iPhone rotation woes and a workaround

My story's often told: app meets UITabBarController, UITabBarController starts an affair with multiple UINavigationControllers, the UINavigationControllers end up with a host of child UIViewControllers, some of which need to rotate to landscape mode and some that don't.

So far, so good.

Then, the plot thickens! In comes an MFMailComposeViewComposer that you want to display via presentModalViewController. Your view's in landscape, you tap the button that brings up the modal mail compose screen and – oh, the injustice, the tragedy – it flips your view to portrait mode before displaying itself.


Of course, there's more to the story. You had started rotating your views yourself using CGAffineTransforms when you saw that getting autorotation to work via shouldRotateToInterfaceOrientation for complicated view hierarchies required a four year degree in Voodoo. Now, you feel you may be paying for your insolence for deviating from the One True Path of the Church of the Holy Apple DDFS. (I don't know what DDFS stands for but it makes names cooler when they have random letters after them.)

So you dig deeper. It appears that your view controllers all return UIInterfaceOrientationPortrait when queried for their interfaceOrientation properties, even when the device is in one of the landscape modes. (Note the subtle impedance mismatch between "interface" and "device" in the previous sentence, it's a clue!) Aha, and it appears that either presentModalViewController or MFMailComposeViewController is looking for that value and, being the control freak that it is, actually forcing the layout to that orientation before displaying itself.

Well, there's another control freak in town, buddy, and there ain't room enough for the both of us!

So what's a control freak with a scripting background to do but monkey patch this baby… categories to the rescue! If I can get the interfaceOrientation method to return the actual orientation of the device, instead of the interfaces's orientation, it should work!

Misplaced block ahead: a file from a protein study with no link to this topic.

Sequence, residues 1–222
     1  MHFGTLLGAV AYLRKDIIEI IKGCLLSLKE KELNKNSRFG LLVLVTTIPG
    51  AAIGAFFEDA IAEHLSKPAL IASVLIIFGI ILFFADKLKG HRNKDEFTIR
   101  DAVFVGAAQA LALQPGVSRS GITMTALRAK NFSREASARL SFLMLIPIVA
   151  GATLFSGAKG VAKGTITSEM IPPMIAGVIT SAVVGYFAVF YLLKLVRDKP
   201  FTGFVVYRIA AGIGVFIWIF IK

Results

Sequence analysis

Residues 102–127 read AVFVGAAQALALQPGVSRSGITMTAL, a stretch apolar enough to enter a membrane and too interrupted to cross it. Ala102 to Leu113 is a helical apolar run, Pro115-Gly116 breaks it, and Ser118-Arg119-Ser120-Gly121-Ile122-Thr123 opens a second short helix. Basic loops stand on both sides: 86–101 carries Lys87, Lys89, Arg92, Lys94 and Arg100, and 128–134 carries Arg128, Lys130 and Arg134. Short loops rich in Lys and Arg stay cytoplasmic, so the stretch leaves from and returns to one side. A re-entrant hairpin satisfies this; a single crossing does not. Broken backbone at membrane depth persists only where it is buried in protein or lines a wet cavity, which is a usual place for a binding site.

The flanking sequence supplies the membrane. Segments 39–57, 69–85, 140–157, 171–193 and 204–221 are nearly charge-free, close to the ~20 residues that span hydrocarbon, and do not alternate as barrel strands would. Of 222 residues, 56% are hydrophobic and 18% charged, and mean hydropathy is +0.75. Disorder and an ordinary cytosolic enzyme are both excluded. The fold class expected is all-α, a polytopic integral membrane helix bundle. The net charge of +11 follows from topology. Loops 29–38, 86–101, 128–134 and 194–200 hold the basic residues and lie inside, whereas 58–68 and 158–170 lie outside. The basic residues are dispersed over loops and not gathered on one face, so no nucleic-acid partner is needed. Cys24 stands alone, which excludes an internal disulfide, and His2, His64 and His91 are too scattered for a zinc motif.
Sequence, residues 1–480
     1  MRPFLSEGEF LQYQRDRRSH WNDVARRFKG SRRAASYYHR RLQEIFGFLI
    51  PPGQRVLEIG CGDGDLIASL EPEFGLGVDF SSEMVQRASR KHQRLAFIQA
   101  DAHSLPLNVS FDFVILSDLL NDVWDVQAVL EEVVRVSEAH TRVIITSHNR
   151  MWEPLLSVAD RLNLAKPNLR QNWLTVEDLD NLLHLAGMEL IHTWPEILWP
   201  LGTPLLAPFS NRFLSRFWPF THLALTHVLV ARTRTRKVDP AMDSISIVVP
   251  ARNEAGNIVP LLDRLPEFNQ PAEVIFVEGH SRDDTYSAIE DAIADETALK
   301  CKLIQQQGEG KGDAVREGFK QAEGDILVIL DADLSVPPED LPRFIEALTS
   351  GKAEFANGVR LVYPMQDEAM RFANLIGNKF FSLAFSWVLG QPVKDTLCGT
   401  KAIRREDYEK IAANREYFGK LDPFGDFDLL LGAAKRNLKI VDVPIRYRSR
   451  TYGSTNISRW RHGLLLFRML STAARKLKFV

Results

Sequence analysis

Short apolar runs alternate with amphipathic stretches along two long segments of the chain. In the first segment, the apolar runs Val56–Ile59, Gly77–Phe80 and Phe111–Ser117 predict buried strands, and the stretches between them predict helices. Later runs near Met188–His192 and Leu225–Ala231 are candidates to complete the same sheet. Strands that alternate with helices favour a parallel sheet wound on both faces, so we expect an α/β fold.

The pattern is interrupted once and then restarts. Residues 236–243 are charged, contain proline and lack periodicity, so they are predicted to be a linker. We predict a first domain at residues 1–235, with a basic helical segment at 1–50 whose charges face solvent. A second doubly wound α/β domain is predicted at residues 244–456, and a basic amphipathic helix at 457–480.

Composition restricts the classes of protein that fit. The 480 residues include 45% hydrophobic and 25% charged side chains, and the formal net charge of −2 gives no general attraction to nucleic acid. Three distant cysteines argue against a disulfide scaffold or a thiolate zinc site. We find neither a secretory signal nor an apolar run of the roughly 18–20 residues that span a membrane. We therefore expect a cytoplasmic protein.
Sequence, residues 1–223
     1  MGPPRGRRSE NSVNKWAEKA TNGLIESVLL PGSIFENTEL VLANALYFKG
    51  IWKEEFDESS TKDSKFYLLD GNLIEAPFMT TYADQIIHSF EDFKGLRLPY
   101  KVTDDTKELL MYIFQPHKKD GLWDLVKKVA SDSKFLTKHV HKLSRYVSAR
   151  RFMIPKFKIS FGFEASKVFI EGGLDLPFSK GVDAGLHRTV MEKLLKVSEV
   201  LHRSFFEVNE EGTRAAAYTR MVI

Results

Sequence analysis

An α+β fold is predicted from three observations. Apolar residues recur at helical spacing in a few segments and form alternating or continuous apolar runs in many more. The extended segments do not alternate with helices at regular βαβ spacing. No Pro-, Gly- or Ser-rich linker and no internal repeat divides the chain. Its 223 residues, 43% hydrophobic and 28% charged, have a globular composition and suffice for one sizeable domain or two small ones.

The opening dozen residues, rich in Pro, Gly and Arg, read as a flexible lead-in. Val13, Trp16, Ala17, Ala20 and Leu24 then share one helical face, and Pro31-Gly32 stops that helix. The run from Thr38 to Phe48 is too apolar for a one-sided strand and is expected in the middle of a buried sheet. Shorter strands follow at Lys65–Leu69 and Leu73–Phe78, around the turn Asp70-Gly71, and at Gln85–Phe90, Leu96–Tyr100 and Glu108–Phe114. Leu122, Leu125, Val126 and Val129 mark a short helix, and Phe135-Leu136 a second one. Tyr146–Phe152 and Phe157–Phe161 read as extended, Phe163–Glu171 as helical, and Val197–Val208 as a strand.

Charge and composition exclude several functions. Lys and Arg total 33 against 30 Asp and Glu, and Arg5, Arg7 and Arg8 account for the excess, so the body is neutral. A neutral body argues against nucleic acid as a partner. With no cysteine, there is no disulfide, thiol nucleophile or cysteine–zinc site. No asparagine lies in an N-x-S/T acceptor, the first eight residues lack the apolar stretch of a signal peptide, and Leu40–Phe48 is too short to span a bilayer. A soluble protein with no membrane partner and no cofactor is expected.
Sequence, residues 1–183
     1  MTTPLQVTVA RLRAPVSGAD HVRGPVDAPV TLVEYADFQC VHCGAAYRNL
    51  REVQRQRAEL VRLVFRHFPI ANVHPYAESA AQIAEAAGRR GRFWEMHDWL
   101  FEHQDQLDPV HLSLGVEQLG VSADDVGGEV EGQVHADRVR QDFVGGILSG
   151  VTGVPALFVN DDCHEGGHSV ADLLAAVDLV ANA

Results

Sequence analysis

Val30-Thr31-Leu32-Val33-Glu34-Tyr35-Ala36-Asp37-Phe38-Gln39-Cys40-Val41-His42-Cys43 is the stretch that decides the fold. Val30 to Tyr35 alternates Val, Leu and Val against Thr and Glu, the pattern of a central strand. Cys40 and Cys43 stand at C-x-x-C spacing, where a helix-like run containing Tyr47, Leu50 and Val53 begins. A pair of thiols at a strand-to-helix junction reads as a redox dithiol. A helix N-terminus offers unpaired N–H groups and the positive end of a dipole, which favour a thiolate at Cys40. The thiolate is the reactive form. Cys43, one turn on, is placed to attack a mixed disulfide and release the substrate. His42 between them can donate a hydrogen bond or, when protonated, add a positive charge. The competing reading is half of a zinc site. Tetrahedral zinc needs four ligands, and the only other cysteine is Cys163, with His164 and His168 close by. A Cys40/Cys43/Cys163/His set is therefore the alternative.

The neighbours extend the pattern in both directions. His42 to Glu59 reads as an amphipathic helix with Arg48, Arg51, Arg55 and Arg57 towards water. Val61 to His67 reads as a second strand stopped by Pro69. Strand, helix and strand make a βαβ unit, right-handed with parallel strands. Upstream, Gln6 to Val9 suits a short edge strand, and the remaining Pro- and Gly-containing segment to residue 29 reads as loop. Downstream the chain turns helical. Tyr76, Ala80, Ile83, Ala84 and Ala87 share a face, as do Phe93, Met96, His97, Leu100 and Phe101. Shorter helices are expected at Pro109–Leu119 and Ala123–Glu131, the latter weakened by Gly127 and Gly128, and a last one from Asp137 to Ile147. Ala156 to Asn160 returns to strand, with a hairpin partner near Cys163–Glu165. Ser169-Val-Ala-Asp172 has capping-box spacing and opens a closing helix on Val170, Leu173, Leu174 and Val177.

@interface UIViewController(OrientationPatch)

@implementation UIViewController(OrientationPatch)

  return [[UIDevice currentDevice] orientation];

And it does… somewhat. Now the MFMailComposeViewController is displaying properly but reverts the app to portrait when it is dismissed! Doh!

More investigating and it appears that shouldRotateToInterfaceOrientation is now being called on my UITabBarController and, since it wasn't implemented, is now returning NO to everything.

I know how to fix that: subclass UITabBarController and implement shouldRotateToInterfaceOrientation:

- (BOOL)shouldAutorotateToInterfaceOrientation:(UIInterfaceOrientation)interfaceOrientation {
  return YES;

Et, voilà, the MFMailComposeViewController now displays perfectly in landscape mode and excuses itself gracefully without blowing down the whole house.

None of this should be considered great advice to follow. Having found shouldRotateToInterfaceOrientation too painful to work with in my view hierarchy, I resorted to rotating my views myself (since I support rotation in just one, clearly defined section of my application, this has so far proven much easier to implement). If you can get things working with shouldRotateToInterfaceOrientation, you should stick to that. If you, however, find yourself in rotation hell like I did, maybe some of the above will make sense to you and lead you to diagnose or even fix the issues you may be encountering.

Regardless, it definitely feels like autorotation support, especially selective autorotation support for complex view hierarchies, is something that the iPhone SDK team could concentrate a bit on for future releases.